2. We better know what types of monuments we are looking for and by whom and when they were set. I’m not sure the deed mentioned monuments or anything more than the word "half." The lack of a survey record doesn’t help. However, it doesn’t mean that we shouldn’t expect some iron in the ground. Perhaps a discussion with Atwell would lead us to the old stakes under the hedgerow and some history behind the creation of the parcels. In this case Atwell is only as far as "one owner and a decade" away from those stakes and the agreed line. BTW: Both Crooks and Forsman were alive and testified in court.

3. A cursory "run" around the property with a chain or rag tape should reveal potential conflicts between the ground evidence and the record measurements. In this case chaining fifteen feet past the hedgerow should be cause to pause at the hedgerow and stab around for physical evidence. This is an early red flag indicating that you may need to work with the adjoiners to resolve the location of the boundary.

4. Arming an unsuspecting owner with a "potential" boundary solution based on incomplete evidence is an invitation for them to make hostile claim. In our case one of the owners was very fresh and simply may not have understood the ground he purchased. It stands to reason your client is paying for your objective opinion and they’re going to use it subjectively!

Now the rest of the story…
So the appeal Court looked at two questions:

1. Were Norman and Augusta Crooks common grantors as husband and wife? Presumably asked because Norman actually marked the line then Augusta sold the property as an individual later.

2. Can a buyer dispute a true line on the ground if he failed to see it? Olson actually bought the land without seeing the hedge but his daughter-in-law lived there and accepted it presumably as a tenant.

I am duly licensed to practice law within the jurisdiction of my local barbershop and only after business hours but the Land Surveyor in me tells me that I shouldn’t touch these questions with a thirty-nine-and-a-half foot pole tied to a Lenker rod duct taped to a four foot lath hanging on a Glonass satellite being tugged by the Mars Rover…so I won’t. I will say the Court felt that Crooks and Forsman did establish the true line and Olson only bought to that line regardless of his surveyor’s assumption.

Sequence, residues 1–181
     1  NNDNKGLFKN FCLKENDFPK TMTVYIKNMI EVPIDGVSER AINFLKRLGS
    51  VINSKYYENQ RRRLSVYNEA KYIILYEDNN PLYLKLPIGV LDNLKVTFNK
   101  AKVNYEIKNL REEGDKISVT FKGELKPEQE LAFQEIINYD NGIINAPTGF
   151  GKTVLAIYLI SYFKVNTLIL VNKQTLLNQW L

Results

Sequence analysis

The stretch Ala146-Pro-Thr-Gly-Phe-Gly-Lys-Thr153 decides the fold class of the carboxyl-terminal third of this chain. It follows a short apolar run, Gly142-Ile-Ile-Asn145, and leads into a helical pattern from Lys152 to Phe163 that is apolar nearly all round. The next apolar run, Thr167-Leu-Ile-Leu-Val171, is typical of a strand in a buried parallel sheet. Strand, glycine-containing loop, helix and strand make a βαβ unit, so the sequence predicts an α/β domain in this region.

Let’s face a reality. A surveyor created this problem and that’s where we need to focus our attention. Our opinions as retracement surveyors are forensic. Our function is to locate existing property boundary lines from evidence and perpetuate that evidence so that people do not feud or go into Court. This case really highlights the ill effect of professional ignorance toward the collection and analysis of boundary evidence. The old adage "actions speak louder than words" has relevance when assessing conflicting boundary evidence.

Hindsight is 20/20
It’s easy for me to re-coach this football game from the Monday morning highlights. So I’ll turn the table and rerun the play. What if we held the hedgerow as the line with the benefit of the testimony from the original subdividers? The questions don’t really change for us rope stretchers. Does slicing the lot exactly in half by the numbers accurately describe how the original owners actually cut the lot in half? No. Does the hedgerow fit the known location of the original line? Yes. Is the discrepancy simply technical in nature? Yes, with testimony to back that claim up! I’m inclined to let sleeping dogs lay and like to think that I would not mislead Olson by embellishing my ability to precisely measure half. That’s not a retracement survey but rather a simple test of my physical ability and my equipment. I’m comfortable explaining the differences between "half a’ sandwich", "half a’ lot", and the algebraic value of "one divided by two." I would do little service to suggest that any other interpretation of half might upset the original hedgerow…but then again this is hindsight! 

Note: A PDF of the case is available at

Jason Foose is the County Surveyor of Mohave County Arizona. He originally hails from the Connecticut Western Reserve Township 3, range XIV West of Ellicott’s Line Surveyed in 1785 but now resides in Township 21 North, Range 17 West of the Gila & Salt River Base Line and Meridian.

A 153Kb PDF of this article as it appeared in the magazine—complete with images—is available by clicking HERE

About the Author

Jason Foose, PS

Jason Foose originally hails from the Connecticut Western Reserve Township 3, range XIV West of Ellicott’s Line Surveyed in 1785 but now resides in Township 21 North, Range 17 West of the Gila & Salt River Base Line and Meridian. He is also the Managing Editor of the magazine.